N.W.A. ‎– Panic Zone / Dope Man / 8-Ball

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Cat# Artist Title (Format) Label Cat# Country Year
MRC-1034 N.W.A. Panic Zone / Dope Man / 8-Ball(12", Red) Ruthless Records MRC-1034 US 1987 Sell This Version
MRC-1034 N.W.A. Panic Zone / Dope Man / 8-Ball(12", Promo) Ruthless Records MRC-1034 US 1987 Sell This Version
MRC-1034 N.W.A* Panic Zone / Dope Man / 8-Ball(12", W/Lbl) Ruthless Records, Macola Record Co. MRC-1034 US 1987 Sell This Version
MRC-1034 N.W.A. Panic Zone / Dope Man / 8-Ball(12", Whi) Ruthless Records MRC-1034 US 1987 Sell This Version
MRC-1034 N.W.A. Panic Zone(12", RP) Ruthless Records, Macola Record Co. MRC-1034 US 1987 Sell This Version
MRC-1034 N.W.A. Panic Zone(12", RP, Gen) Ruthless Records, Macola Record Co. MRC-1034 US 1987 Sell This Version
MRC-1034 N.W.A. Panic Zone(12", RP, Whi) Ruthless Records, Macola Record Co. MRC-1034 US 1987 Sell This Version
RHR 5129 N.W.A. Dope Man / 8-Ball(12") Rams Horn Records RHR 5129 Netherlands 1988 Sell This Version
RHR 3750 N.W.A. Panic Zone(12") Rams Horn Records RHR 3750 Netherlands 1988 Sell This Version
EE 1051 N.W.A. Panic Zone / Dope Man(12", RE) Electro Eternal EE 1051 US 2005 Sell This Version

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finniusgordo

finniusgordo

December 3, 2017
referencing Panic Zone, 12", RP, Whi, MRC-1034
I bought a vynal copy at a garage sale. Case is bad shape but autographed by "N.W.A.'. I'll email a copy of a photo.. Vynal good a not perfect but o.k.
SHODAN_2114

SHODAN_2114

June 10, 2016
referencing Panic Zone, 12", RP, MRC-1034
panic zone is dope. wish there was an instrumental/extended version
iljin1

iljin1

July 10, 2012
edited over 6 years ago
referencing Panic Zone, 12", RP, Whi, MRC-1034
Who's the whitey? :-)
duanevinyl

duanevinyl

November 22, 2011
referencing Panic Zone, 12", RP, Whi, MRC-1034
panic zone pity they never did intremental of this boomer araibian prince again thanks
PappaWheelie

PappaWheelie

July 23, 2004
edited over 14 years ago
referencing Panic Zone, 12", RP, Whi, MRC-1034
I'm one of the seemingly few that discovered NWA with their 1987 debut "album", as opposed to the Ruthless driven NWA/Eazy-E Explosion of 1988/1989 (and the Ruthless repackaging of their debut album later). I use the term album loosly as Macola was notorious for packaging random 12"s of theirs into compilations, but not making it clear they were comps. I suspect this was always the case with their debut album. Prior to the NWA & The Posse album, Macola had a comp entitled "The Posse", but it was EARLY Macola 12"s by Digital Underground, DJ Battlecat, 2 Live Crew, Ice T, etc. NWA's debut album comes off the same way, as it compiles Fila Fresh Crew, Arabian Prince, Eazy E solo, and NWA. Granted, most of those acts were produced by Dr. Dre, creating a common thread (unusual for Macola at that time), it still was another Macola compilation. I figured the only way to understand NWA's history and evolution was to track down the 12"s individually (including Ice Cube's solo 12" that didn't make the cut of the 1987 comp/album). This is possibly the most essential release of their entire catalog to understand their evolution.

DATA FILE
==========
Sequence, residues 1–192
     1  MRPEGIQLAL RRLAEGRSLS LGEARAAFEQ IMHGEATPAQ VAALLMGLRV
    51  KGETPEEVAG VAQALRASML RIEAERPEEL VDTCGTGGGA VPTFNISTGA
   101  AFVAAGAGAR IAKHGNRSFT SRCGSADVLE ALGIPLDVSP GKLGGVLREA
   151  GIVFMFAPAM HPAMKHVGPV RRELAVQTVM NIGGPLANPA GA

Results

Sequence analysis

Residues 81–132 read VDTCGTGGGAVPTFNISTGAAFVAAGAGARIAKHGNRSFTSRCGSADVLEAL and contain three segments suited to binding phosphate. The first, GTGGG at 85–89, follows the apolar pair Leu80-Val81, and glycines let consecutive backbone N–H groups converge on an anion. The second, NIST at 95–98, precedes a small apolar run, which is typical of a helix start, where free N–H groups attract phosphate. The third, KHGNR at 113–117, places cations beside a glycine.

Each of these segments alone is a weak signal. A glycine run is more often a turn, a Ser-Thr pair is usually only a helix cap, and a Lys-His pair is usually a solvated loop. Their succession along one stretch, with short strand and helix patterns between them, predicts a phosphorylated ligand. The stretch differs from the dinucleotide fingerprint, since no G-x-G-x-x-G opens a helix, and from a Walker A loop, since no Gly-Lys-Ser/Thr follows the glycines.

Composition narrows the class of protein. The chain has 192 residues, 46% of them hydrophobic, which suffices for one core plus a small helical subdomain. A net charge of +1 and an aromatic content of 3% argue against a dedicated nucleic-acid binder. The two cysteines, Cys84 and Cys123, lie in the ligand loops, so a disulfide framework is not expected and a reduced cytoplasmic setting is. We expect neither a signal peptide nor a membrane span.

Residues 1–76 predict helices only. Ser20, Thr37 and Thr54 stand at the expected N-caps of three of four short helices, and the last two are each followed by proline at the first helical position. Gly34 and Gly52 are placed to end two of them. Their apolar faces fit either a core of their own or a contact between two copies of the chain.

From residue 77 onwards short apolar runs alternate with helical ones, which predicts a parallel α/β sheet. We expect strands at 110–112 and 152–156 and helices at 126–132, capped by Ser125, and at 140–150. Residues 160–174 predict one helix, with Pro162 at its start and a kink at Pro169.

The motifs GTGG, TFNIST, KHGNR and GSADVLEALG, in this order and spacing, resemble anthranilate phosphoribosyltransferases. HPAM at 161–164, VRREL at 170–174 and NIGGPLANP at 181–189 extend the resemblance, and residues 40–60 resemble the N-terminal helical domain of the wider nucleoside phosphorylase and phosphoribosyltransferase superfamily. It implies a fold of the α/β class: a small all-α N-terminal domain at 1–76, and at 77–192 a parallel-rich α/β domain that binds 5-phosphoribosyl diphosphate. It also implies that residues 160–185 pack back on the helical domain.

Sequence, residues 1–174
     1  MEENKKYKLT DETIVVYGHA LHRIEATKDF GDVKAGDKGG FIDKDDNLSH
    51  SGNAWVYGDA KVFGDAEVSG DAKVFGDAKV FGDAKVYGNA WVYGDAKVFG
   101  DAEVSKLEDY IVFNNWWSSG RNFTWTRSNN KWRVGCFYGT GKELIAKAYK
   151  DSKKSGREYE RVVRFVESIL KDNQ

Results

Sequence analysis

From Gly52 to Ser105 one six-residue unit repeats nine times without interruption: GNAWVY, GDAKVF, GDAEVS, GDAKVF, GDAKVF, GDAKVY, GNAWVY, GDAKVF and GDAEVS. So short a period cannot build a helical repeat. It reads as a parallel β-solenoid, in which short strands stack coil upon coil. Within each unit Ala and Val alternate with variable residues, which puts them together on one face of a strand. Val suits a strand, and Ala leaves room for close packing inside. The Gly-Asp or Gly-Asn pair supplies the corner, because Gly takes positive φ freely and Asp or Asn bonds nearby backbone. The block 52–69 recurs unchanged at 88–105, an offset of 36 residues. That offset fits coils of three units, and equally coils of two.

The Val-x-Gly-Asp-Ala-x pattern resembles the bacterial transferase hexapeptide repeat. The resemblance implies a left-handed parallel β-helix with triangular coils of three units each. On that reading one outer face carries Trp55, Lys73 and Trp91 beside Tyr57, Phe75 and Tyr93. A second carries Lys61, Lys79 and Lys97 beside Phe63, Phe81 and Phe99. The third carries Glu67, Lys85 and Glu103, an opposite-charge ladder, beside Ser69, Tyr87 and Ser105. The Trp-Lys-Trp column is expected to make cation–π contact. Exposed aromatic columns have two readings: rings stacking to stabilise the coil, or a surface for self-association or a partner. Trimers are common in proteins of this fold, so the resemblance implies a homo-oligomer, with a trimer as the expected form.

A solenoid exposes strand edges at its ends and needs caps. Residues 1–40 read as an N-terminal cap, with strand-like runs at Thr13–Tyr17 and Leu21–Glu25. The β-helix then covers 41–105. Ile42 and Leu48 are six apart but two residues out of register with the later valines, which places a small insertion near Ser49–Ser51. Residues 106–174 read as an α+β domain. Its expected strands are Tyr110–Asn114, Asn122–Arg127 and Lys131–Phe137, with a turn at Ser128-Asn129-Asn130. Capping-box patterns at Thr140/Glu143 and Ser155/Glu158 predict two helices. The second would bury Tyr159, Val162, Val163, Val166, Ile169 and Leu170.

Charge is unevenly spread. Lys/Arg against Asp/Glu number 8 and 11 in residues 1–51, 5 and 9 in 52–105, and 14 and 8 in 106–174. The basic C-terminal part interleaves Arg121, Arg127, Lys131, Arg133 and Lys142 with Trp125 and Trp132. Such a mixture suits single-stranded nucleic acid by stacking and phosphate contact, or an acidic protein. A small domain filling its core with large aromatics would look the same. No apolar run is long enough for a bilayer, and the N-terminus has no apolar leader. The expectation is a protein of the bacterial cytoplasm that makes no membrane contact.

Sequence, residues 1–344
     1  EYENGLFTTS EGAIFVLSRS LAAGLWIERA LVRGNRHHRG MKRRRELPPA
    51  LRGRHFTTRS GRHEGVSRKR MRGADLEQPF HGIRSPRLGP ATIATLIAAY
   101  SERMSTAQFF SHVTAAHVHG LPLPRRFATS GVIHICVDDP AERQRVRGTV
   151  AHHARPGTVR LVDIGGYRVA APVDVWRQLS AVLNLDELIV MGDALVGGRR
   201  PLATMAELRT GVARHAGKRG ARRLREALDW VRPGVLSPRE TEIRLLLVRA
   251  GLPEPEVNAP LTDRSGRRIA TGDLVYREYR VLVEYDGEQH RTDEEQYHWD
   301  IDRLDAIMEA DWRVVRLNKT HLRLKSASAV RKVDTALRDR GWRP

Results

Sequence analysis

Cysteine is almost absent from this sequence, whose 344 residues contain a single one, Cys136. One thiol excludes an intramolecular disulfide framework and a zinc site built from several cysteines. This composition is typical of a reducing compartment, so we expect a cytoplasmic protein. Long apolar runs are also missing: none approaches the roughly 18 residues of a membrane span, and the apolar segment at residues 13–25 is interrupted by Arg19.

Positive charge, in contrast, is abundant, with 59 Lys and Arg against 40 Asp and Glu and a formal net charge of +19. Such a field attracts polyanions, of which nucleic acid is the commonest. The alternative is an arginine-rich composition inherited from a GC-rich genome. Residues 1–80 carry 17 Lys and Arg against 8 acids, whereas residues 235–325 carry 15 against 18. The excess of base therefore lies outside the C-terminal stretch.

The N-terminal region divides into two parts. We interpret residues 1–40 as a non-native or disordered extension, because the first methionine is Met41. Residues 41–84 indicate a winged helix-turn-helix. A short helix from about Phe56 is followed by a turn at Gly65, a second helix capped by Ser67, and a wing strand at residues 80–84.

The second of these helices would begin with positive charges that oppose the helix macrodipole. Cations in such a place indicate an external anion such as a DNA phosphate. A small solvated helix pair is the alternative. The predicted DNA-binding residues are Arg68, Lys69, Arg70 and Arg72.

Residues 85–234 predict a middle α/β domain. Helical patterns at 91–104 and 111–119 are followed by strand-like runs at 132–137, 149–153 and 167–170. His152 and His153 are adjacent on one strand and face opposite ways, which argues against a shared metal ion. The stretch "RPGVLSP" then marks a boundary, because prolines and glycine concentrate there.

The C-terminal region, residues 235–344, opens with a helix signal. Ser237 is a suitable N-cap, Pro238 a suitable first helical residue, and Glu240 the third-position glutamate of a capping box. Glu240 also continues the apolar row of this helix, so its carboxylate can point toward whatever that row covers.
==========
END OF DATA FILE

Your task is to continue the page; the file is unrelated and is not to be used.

spork

spork

May 16, 2003
referencing Panic Zone, 12", RP, Whi, MRC-1034

When I was still just a wee lad, N.W.A.'s 'Straight Outta Compton' tape got some pretty heavy rotation in my boombox. I recently picked up this 12", and it's really interesting to see the direction in which N.W.A. could have gone (but didn't). The songs '8-Ball' and 'Dope Man' are both great--but they're definitely done in the style that people tend to think of when they think of late '80s-era West Coast gangsta rap. The first cut on the A side, however, is completely different. 'Panic Zone' is one of the best electro hip-hop jams you'll ever hear. Dr. Dre was fresh from his work with the World Class Wreckin' Cru, with whom he had produced some classic West Coast electro-funk jams that were 180 degrees removed from the gangsta rap for which he would become known. 'Panic Zone' also heavily featured the work of The Arabian Prince (a.k.a. Professor X, a.k.a Mik Lezan), whose style clearly didn't fit in with the direction in which N.W.A wanted to go, evinced by Ice Cube and Eazy E (whose presences are felt much more strongly on 'Dope Man' and '8-Ball'). The Arabian Prince didn't work with N.W.A. for very long, and it's easy to see why. 'Panic Zone' is amazing, hard-hitting electro-funk, but it just didn't fit with the direction West Coast rap was heading for in the late '80s. However, if you're even a casual fan of '80s electro-funk, you owe it to yourself to find a copy of this record.